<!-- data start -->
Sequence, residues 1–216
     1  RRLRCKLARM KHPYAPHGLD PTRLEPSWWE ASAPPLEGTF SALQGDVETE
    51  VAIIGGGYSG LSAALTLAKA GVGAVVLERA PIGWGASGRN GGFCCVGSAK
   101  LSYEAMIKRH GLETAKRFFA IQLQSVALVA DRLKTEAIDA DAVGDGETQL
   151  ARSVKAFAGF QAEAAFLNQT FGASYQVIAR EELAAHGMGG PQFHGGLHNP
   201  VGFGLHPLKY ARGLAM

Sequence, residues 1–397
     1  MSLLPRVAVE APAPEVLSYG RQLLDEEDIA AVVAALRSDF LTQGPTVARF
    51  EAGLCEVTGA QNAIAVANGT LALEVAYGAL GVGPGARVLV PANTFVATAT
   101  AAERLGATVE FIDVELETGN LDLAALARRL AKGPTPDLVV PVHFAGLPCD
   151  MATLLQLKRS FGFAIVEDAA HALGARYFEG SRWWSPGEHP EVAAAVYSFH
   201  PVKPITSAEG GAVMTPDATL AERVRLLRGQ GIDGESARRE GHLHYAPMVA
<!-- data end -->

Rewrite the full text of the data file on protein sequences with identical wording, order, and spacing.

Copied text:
Sequence, residues 1–216
     1  RRLRCKLARM KHPYAPHGLD PTRLEPSWWE ASAPPLEGTF SALQGDVETE
    51  VAIIGGGYSG LSAALTLAKA GVGAVVLERA PIGWGASGRN GGFCCVGSAK
   101  LSYEAMIKRH GLETAKRFFA IQLQSVALVA DRLKTEAIDA DAVGDGETQL
   151  ARSVKAFAGF QAEAAFLNQT FGASYQVIAR EELAAHGMGG PQFHGGLHNP
   201  VGFGLHPLKY ARGLAM

Sequence, residues 1–397
     1  MSLLPRVAVE APAPEVLSYG RQLLDEEDIA AVVAALRSDF LTQGPTVARF
    51  EAGLCEVTGA QNAIAVANGT LALEVAYGAL GVGPGARVLV PANTFVATAT
   101  AAERLGATVE FIDVELETGN LDLAALARRL AKGPTPDLVV PVHFAGLPCD
   151  MATLLQLKRS FGFAIVEDAA HALGARYFEG SRWWSPGEHP EVAAAVYSFH
   201  PVKPITSAEG GAVMTPDATL AERVRLLRGQ GIDGESARRE GHLHYAPMVA